Carroll, William
William Carroll served as Tennessee's governor for all but two years between 1821 and 1835. He was a prominent figure in the state's early Democratic Party, and his career symbolized the era... Continue Reading »
Carter House
Located in historic Franklin, the Carter House was built in 1828 and completed in 1830 by Fountain Branch Carter. The Carter property included a farm of 288 acres, where Carter, a gentleman farmer, ra... Continue Reading »
Cates, Clifton Bledsoe
General Clifton B. Cates, nineteenth commandant of the U.S. Marine Corps, was born in Tiptonville on August 31, 1893. After graduating from the University of Tennessee, he joined the marines as a seco... Continue Reading »
Chamberlain, Hiram Sanborn
Hiram S. Chamberlain, a founder of the modern iron industry in the South, was born in Franklin, Ohio, on August 6, 1835, to Vermont natives Leander and Susanna Chamberlain. The fourth of eight childre... Continue Reading »
Cheatham, Benjamin Franklin
Confederate General Benjamin F. Cheatham was born on a plantation near Nashville on October 20, 1820. His maternal ancestors included James Robertson, the founder of Nashville. Cheatham served in the ... Continue Reading »
Chickamauga and Chattanooga, Battles of
The battle of Chickamauga (September 19-20, 1863) developed from the struggle to control the strategic railroad town of Chattanooga, the gateway to the Deep South, the seizure of which President Abrah... Continue Reading »
Chickasaw Ordnance Works
Sometimes called the Memphis, or Millington, Ordnance Plant, this huge explosives manufactory had its origin in 1940, when the Anglo-French Purchasing Board formed the Tennessee Powder Company to prod... Continue Reading »
Civil War
In 1861, as the nation divided, so did Tennessee. In the state's three grand divisions, Confederates and Unionists fought their own political war to determine which way Tennessee would go as the ... Continue Reading »
Civil War Monuments
Reflecting the divided allegiances of Tennesseans during that great struggle, a number of memorials throughout the state, both Union and Confederate, honor participants in the Civil War. Despite some ... Continue Reading »
Civil War Occupation
Tennessee's strategic location made it a prime target of the Union armies during the Civil War. It was, in fact, the only Confederate state that came entirely under Union control before the war e... Continue Reading »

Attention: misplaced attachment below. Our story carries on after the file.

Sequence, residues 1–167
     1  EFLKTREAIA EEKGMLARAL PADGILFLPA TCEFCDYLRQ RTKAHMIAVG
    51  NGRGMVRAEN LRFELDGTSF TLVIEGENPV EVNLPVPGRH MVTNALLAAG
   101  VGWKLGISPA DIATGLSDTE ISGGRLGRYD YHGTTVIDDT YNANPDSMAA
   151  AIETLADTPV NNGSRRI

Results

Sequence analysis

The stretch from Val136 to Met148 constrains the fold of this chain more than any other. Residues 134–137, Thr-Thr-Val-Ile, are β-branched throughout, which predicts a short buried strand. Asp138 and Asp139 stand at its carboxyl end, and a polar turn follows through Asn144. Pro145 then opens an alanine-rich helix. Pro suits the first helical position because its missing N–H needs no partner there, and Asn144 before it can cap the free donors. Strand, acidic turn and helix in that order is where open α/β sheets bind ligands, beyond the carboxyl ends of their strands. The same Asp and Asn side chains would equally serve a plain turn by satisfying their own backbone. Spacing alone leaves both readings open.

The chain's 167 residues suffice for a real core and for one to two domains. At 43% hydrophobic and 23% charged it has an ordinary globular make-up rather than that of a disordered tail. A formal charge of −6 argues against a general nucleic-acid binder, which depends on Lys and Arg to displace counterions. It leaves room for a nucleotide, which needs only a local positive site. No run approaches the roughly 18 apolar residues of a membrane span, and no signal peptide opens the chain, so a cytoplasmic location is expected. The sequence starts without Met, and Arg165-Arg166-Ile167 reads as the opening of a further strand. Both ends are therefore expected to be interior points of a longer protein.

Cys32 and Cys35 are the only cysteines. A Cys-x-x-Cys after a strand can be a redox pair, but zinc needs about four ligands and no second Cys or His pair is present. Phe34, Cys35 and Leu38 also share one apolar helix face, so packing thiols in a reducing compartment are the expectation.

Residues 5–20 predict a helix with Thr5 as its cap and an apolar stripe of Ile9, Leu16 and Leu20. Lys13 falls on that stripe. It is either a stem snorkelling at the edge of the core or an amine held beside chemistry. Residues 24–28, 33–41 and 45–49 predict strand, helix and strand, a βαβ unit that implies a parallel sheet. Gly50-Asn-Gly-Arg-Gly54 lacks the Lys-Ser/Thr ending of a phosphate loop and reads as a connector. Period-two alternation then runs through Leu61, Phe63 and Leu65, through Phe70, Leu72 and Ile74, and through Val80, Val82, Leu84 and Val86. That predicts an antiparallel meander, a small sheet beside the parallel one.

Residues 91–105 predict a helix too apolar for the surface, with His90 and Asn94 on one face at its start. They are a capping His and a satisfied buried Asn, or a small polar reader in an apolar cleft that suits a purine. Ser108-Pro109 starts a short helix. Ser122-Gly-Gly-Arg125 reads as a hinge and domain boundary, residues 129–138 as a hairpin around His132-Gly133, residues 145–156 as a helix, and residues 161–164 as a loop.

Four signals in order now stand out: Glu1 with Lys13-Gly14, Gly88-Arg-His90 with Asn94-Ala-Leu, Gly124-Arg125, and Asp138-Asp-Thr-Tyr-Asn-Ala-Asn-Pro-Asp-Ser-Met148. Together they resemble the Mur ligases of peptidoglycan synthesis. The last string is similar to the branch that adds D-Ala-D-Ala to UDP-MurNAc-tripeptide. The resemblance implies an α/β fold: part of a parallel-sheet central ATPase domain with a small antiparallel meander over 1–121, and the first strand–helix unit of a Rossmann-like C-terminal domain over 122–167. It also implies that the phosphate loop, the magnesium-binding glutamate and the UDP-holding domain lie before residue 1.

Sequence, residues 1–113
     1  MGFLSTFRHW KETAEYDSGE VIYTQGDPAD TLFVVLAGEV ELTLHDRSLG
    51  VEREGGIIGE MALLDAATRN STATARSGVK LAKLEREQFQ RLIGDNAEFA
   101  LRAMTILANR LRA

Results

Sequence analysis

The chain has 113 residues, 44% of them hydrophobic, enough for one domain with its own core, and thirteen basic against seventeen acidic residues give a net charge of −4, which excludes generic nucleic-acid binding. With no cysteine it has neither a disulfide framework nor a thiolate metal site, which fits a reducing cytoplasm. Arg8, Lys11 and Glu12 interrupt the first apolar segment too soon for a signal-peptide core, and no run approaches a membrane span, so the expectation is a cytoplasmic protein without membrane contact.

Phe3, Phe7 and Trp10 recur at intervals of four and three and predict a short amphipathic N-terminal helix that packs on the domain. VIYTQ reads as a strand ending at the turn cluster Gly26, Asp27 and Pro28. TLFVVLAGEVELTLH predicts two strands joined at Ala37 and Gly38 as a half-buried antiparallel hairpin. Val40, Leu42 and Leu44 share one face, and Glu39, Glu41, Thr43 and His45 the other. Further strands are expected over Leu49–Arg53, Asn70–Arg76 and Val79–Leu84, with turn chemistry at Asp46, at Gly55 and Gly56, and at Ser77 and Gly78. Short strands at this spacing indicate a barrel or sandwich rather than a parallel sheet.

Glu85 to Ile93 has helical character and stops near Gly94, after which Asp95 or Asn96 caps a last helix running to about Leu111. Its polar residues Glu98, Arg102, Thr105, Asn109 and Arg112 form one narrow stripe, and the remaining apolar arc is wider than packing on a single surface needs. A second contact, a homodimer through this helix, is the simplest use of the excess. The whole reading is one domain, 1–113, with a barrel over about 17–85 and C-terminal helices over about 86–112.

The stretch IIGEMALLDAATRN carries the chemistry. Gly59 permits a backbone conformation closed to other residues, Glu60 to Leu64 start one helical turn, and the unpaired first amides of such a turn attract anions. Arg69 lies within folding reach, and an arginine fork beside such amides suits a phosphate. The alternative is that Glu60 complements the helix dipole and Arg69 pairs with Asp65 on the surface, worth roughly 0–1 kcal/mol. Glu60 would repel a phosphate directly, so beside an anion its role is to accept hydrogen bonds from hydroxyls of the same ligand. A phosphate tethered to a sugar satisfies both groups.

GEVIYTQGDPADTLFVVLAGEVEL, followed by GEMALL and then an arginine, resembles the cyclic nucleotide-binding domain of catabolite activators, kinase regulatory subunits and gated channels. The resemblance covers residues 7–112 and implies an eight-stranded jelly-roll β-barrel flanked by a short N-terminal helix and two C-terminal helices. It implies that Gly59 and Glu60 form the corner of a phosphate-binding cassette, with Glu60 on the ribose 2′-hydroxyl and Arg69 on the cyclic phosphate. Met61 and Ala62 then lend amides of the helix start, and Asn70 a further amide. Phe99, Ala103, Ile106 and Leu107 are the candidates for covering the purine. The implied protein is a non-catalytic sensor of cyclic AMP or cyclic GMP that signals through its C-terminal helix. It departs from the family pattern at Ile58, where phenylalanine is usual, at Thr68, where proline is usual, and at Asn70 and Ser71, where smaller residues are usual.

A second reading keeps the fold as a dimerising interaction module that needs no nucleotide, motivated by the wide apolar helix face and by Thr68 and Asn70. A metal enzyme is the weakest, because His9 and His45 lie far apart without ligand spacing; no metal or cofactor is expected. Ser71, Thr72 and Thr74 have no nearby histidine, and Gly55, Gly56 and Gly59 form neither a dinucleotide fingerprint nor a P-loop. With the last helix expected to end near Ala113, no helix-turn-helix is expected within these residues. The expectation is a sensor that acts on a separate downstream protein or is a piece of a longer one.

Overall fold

Cleburne, Patrick Ronayne
Major general in the Army of Tennessee, Patrick R. Cleburne was born on St. Patrick's Day in County Cork, Ireland, and immigrated to the United States in 1849. Cleburne settled in Helena, Arkansa... Continue Reading »
Cocke, William
William Cocke was a distinguished Revolutionary War veteran, experienced legislator, Sevier faction partisan, one of Tennessee's first two U.S. senators, and the first Tennessee jurist to be impe... Continue Reading »
Collierville, Battle of
The Civil War touched almost every place in Tennessee, and towns like Collierville, located on the historic Memphis-Charleston railroad line in Shelby County, have their own Civil War stories to tel... Continue Reading »
Columbia, Battles at
Columbia’s most significant combat role occurred November 24 through 29, 1864, during Confederate General John Bell Hood’s campaign to capture Nashville. On a main route between the stat... Continue Reading »
Confederate Soldiers' Home and Cemetery
In January 1889 the Frank Cheatham Bivouac of the Association of Confederate Soldiers forwarded a bill to the Tennessee General Assembly to establish a home for indigent and disabled Confederate veter... Continue Reading »
Contraband Camps
During the Civil War many of Tennessee's 275,000 slaves abandoned farms and towns in anticipation of the approach of the Union army. In the summer of 1862, as the army of General Ulysses S. Grant... Continue Reading »
Cravens House
In 1854 Robert Cravens, a leading industrialist in Chattanooga, purchased a thousand acres of land on the side of Lookout Mountain, where he maintained an orchard and built several cabins as a summer ... Continue Reading »
Creek War of 1813 and 1814
The hard-fought Creek War of 1813 and 1814, also known as the First Creek War, actually began in the spring of 1812, when a party of Creek warriors returning from a visit to the British in Canada atta... Continue Reading »
Crockett, David "Davy"
David Crockett, frontiersman, Tennessee legislator and U.S. congressman, folk hero, and icon of popular culture, was an intriguing composite of history and myth. Both the historical figure who died at... Continue Reading »
Cumberland Gap and Cumberland Gap National Historical Park
Few areas in the United States symbolize the American pioneer spirit more than Cumberland Gap. Crossing the gap meant encountering America's first western frontier and symbolically severing Europ... Continue Reading »